Access to VAHR in non-RAP areas
Lack of Heritage Advisor accountability
Capacity to monitor broader compliance issues
Communication/engagement with LGAs
Developing strategies and processes
Insurance for VCAT cases
Lack of licensed drivers and cars and distance for TOs
Receiving recognition in Cultural Heritage management during fi re emergencies
Respect as Cultural authorities from government departments
Building skills and capabilities
Use of Due Diligence
Need more resources (fire recovery, staff, recording/registration of Cultural Heritage, general, community engagement)
Supporters and stakeholders
Across the reporting period, RAPs have identified in their reporting the following stakeholder engagement. The below table notes stakeholders and the engagement as a percentage of the overall reporting and details both the current and previous reporting periods to enable direct comparison. Due to the reporting format change between the 2018-19 and 2019-20 reporting periods, the differences in fields are noted as not applicable (N/A) when the field was not previously included in the reporting framework.
From examination of the 2018-19 and 2019-20 reporting figures below, we can note a significant increase of 211% with ‘other government’, relating largely to the Department of the Environment, Land, Waters and Planning (DELWP), Parks Victoria and infrastructure projects. The increase can be attributed to a significant shift in the range and scale of projects being undertaken by government and the increasing willingness to include RAPs in projects that may not necessarily have requirements under the Act.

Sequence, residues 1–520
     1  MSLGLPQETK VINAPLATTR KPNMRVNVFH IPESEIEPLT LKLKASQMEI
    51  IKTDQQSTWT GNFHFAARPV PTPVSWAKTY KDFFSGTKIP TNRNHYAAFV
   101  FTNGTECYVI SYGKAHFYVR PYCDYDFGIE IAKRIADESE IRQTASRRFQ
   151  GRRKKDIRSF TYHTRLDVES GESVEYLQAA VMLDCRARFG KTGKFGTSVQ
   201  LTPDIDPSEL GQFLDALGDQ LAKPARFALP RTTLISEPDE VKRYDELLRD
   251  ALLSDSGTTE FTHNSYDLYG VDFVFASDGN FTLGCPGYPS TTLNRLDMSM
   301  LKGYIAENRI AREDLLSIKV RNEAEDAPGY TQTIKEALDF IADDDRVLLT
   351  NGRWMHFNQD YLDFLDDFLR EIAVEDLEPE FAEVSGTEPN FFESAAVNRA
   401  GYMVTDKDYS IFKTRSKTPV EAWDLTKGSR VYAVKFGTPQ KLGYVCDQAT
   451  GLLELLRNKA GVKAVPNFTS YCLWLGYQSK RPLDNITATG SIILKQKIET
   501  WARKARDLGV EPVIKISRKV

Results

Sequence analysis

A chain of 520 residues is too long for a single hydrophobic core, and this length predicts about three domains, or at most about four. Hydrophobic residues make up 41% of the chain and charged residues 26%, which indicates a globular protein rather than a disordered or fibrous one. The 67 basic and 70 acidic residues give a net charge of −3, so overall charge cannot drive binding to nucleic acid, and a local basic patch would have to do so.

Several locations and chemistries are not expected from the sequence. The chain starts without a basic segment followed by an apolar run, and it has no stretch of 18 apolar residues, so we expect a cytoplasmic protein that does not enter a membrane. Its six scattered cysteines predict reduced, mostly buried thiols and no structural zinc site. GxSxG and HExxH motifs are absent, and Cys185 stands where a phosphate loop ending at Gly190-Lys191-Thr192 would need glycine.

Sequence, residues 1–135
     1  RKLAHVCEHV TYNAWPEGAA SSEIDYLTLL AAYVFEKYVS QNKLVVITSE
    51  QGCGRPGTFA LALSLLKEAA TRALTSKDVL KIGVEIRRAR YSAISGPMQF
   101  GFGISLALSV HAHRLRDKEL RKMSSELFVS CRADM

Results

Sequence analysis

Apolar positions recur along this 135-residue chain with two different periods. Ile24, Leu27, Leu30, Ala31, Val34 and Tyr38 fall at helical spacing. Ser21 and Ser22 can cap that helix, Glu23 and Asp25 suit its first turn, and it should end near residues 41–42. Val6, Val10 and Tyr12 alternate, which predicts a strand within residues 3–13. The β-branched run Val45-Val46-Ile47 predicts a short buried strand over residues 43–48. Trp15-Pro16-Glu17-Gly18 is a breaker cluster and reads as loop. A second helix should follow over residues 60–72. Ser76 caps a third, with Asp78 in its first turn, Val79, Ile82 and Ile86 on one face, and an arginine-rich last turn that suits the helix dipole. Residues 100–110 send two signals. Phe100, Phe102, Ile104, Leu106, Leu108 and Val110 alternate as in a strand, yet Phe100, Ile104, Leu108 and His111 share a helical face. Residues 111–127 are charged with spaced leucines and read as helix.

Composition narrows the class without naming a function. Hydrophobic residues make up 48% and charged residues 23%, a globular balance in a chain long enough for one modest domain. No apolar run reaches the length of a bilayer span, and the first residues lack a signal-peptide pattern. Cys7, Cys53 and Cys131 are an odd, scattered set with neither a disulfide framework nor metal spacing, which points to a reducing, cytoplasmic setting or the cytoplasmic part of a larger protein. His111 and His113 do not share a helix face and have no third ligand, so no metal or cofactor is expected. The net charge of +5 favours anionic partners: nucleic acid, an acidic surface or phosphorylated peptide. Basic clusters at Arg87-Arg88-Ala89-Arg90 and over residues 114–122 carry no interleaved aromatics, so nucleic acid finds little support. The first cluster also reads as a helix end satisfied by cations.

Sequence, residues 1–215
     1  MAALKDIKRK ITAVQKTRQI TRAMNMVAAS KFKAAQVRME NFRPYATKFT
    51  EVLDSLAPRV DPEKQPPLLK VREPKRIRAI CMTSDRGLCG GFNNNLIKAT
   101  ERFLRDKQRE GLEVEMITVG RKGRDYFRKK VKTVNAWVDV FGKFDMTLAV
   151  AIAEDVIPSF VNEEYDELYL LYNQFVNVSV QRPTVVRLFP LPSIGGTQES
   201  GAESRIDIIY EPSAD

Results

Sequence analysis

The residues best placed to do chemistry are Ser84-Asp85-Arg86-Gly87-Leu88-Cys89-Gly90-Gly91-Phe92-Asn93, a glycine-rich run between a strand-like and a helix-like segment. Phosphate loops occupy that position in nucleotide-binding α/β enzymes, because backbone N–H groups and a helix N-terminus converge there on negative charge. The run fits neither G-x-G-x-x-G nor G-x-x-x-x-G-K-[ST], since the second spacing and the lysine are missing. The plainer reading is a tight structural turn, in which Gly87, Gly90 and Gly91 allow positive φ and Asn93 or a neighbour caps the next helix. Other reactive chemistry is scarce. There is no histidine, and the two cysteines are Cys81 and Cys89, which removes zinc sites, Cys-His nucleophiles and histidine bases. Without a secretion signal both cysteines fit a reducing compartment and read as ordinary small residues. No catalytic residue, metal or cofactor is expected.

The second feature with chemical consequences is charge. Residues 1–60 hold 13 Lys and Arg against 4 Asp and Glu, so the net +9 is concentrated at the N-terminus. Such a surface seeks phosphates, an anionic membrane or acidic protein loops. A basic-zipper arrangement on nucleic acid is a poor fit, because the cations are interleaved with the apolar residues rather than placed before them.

A notable decrease in consultation can be noted with industry (15%) and local government (30%). Whilst the increase above relates to government bodies that have been largely unaffected by COVID-19 restrictions, such restrictions have significantly impacted industry and local government. It can be seen as a direct consequence then that consultation and engagement with these stakeholders has decreased during this period. It would be expected that, with an easing of restrictions and significant work Council and RAPs are currently undertaken in relation to engagement with LGAs, these figures will present a drastic upswing in the next reporting period.